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Mr. DICKS. Mr. Speaker, I thank Ranking Member Fattah for yielding to me and for his hard work on this important bill.
As we begin the floor consideration of the first of the 2013 appropriations bills, I would like to state as a preface that I regret the majority's decision to not abide by the bipartisan Budget Control Act. Reducing the overall allocation for fiscal year 2013 by an additional $19 billion I think is both unnecessary and economically unwise. I believe the reduced discretionary allocation in the Ryan budget threatens to stall economic growth and job creation, and in the near term it introduces uncertainty in our appropriations process that might imperil our ability to produce these bills in a timely manner.
That said, I remain committed to working collaboratively with the majority as we continue through the appropriations process this year because I remain cautiously optimistic that this reduced allocation is merely temporary. At the end of the process, I believe the House and Senate will come to an agreement that reflects the Budget Control Act level of $1.047 trillion rather than the level of $1.028 trillion that is based on the Ryan budget.
With regard to the bill before us, I want to thank Chairman Wolf, Ranking Member Fattah, Chairman Rogers, and their staffs for their hard work on this bill. The majority worked closely with our side to put this bill together, and there were many issues on which we were able to reach agreement.
While the level of funding in this bill may not be as low as a strict proportional reduction based on the Ryan budget, it is nevertheless not adequate to meet the needs in some areas. In comparison, the CJS bill in the other body has passed through committee with only one dissenting vote, and it is $731 million higher than the House allocation. Clearly, there is significant bipartisan support for this higher allocation.
The House bill contains several funding levels that will be difficult for Democrats to support. The COPS hiring program is cut by 76 percent, even as State and local budgets continue to recover from historic losses in revenue. The Legal Services Corporation is also cut when it should be getting an increase, as has been proposed by the President and supported in the other body.
I'm also concerned that some important NOAA programs have been cut, in part to pay for necessary new satellites. While I support the development and deployment of new satellites, it is important that we find a way to pay for them without making such drastic reductions in other important NOAA programs.
Let me state that there were some very positive aspects of this bill. In particular, I want to thank the chairman and ranking member for funding the Pacific Coast Salmon Recovery Fund at this year's enacted level and for once again funding an increase to the Mitchell Act program. These are vitally important programs in the Pacific Northwest.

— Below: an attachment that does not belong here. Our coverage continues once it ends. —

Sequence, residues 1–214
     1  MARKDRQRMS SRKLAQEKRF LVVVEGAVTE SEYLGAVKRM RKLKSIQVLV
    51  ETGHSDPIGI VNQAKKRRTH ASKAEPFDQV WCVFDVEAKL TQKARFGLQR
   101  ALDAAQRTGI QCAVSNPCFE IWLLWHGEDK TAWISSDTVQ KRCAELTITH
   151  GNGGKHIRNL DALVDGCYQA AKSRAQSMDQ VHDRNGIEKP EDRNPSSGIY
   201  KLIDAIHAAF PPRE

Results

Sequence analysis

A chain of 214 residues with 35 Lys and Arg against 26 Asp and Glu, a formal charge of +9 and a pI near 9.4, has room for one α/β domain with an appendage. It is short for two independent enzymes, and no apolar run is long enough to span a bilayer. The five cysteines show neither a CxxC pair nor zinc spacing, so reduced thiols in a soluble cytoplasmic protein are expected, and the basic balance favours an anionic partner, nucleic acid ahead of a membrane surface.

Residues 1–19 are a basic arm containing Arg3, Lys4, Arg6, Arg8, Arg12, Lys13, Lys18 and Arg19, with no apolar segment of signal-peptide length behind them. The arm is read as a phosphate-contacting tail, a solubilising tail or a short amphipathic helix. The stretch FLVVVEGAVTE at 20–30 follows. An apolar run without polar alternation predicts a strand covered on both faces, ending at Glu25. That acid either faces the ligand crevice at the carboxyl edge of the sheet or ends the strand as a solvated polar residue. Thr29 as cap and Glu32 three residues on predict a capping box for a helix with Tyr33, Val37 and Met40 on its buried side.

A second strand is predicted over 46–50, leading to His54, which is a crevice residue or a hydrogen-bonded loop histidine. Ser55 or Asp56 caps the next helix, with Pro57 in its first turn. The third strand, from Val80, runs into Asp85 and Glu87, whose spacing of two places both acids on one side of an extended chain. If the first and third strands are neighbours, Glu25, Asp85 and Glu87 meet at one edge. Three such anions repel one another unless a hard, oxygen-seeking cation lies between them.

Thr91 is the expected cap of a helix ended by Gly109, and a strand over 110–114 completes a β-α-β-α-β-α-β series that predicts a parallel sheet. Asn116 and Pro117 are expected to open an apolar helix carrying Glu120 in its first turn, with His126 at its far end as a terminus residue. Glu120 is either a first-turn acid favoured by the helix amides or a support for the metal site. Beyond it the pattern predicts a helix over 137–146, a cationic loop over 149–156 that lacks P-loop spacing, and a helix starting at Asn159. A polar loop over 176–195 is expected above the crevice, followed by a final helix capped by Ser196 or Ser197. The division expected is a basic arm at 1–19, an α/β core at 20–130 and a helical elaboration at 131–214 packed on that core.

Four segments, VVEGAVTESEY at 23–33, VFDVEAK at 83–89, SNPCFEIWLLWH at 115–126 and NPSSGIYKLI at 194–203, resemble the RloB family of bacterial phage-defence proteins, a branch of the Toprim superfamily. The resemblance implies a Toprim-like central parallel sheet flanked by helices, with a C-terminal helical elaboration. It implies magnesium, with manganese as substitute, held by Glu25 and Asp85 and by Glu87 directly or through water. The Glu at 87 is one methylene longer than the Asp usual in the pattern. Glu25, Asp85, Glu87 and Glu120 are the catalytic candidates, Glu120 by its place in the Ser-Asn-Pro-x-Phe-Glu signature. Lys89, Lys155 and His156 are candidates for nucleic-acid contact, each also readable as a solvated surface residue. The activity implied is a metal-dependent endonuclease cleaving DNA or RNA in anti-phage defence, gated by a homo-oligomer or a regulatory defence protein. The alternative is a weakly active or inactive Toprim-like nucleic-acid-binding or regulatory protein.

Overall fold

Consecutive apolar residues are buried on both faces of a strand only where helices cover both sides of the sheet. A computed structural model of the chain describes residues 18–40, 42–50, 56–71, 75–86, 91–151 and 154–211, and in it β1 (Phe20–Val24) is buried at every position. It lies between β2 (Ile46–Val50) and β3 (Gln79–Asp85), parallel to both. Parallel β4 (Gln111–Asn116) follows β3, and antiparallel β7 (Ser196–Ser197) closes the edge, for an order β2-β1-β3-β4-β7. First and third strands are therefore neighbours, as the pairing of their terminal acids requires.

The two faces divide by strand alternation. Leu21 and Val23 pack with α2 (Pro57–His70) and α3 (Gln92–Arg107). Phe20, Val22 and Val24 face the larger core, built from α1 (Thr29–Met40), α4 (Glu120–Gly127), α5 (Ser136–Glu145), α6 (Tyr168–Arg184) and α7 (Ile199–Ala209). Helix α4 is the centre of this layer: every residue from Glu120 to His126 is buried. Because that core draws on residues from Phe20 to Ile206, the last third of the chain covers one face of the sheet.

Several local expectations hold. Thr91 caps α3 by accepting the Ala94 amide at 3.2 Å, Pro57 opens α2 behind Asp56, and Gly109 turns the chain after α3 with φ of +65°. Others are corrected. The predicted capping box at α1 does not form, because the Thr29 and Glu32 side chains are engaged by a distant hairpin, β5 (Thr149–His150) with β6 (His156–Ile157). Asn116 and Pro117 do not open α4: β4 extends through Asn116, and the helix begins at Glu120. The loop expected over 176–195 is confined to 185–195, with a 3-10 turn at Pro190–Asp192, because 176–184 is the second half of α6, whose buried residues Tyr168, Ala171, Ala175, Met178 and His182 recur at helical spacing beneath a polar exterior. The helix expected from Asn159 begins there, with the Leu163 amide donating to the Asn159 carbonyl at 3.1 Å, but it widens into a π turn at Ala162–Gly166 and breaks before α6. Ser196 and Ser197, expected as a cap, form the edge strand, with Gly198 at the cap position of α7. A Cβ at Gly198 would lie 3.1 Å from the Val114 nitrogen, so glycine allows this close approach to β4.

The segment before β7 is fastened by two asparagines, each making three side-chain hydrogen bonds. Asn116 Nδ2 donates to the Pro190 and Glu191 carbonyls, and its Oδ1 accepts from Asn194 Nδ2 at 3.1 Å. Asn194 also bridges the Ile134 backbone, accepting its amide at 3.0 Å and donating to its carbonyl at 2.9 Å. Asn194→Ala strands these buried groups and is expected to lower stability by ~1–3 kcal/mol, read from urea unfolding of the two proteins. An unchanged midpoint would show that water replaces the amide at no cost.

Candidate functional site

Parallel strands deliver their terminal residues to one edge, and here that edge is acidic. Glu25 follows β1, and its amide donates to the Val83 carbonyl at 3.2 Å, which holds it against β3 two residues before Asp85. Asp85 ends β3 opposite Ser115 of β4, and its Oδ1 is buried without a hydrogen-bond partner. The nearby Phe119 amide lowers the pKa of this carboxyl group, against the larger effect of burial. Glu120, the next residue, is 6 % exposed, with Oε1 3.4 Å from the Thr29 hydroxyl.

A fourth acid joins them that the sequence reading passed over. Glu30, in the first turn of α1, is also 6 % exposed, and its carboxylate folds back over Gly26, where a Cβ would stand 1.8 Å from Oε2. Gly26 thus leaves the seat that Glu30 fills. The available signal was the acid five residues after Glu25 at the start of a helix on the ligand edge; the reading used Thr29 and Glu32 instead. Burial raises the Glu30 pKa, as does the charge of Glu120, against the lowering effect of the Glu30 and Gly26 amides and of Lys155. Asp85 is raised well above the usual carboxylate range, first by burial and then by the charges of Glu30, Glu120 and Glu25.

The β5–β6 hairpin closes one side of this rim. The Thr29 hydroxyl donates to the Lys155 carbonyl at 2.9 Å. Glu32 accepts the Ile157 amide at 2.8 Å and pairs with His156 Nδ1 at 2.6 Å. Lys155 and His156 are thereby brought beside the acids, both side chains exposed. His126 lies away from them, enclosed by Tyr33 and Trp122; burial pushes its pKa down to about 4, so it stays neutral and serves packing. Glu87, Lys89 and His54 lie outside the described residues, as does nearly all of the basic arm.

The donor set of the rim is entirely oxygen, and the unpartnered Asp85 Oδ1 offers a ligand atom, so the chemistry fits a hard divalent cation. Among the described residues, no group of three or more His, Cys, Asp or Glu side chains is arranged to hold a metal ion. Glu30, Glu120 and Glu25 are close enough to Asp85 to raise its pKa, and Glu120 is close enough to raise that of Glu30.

I'm also pleased that the subcommittee mark contains $6.4 million for research in ocean acidification. The measurable increase in acidity in the world's oceans is already having an economic effect on the shellfish industry in the Pacific Northwest, interfering with the formation of the shells of oysters, mussels, clams, and other organisms, such as phytoplankton.
I also appreciate that this bill provides significant increases for our Federal law enforcement agencies, especially an additional $23 million for the FBI to investigate cyberintrusions. The bill also includes an important increase in funding for youth mentoring programs, which provide crucial support to at-risk youth in underserved communities and also to military kids, many of whom are struggling to adapt to the multiple deployments of one or both parents.
I want to echo the words of Ranking Member Fattah about the Boys and Girls Club of America. I find that the Boys and Girls Club have been one of the outstanding organizations and have done so much to help youth with their after-school programs.
I thank the gentleman, again, for yielding to me.
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Mr. DICKS. First of all, I take umbrage at the use of the word ``earmark'' by my colleague. This is no earmark. This is a national program. This affects California, Nevada, Oregon, Washington, Alaska, and Idaho. These States, after a whole series of endangered species listings that go coast-wide, are trying to save these salmon runs.
As someone who comes from Washington State, I have been in the midst of an effort to try to recover our salmon runs. We have marked our fish. We have gone to selective harvests. We're protecting our wild runs. We're trying to do everything we can to recover these salmon runs.
Today, on the Columbia River in Washington State, we will be very fortunate to get 600,000 salmon back. At a time in the thirties we would have 20 million fish coming back every year: wild chinook salmon, coho salmon, and others.
So I think this is a very good program. We have worked hard to make sure the money is used for strong habitat restoration work and that we have worked to improve our hatcheries. We've done hatchery reform. We've done everything we can to restore the habitat for these fish.